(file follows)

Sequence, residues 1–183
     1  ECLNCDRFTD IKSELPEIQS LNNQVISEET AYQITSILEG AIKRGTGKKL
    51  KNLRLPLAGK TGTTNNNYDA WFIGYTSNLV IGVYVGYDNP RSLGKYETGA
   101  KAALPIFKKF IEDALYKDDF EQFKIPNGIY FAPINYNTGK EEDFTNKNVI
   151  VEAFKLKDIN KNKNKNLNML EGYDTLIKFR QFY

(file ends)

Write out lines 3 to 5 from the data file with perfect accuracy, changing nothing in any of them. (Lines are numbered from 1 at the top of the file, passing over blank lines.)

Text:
    51  KNLRLPLAGK TGTTNNNYDA WFIGYTSNLV IGVYVGYDNP RSLGKYETGA
   101  KAALPIFKKF IEDALYKDDF EQFKIPNGIY FAPINYNTGK EEDFTNKNVI
   151  VEAFKLKDIN KNKNKNLNML EGYDTLIKFR QFY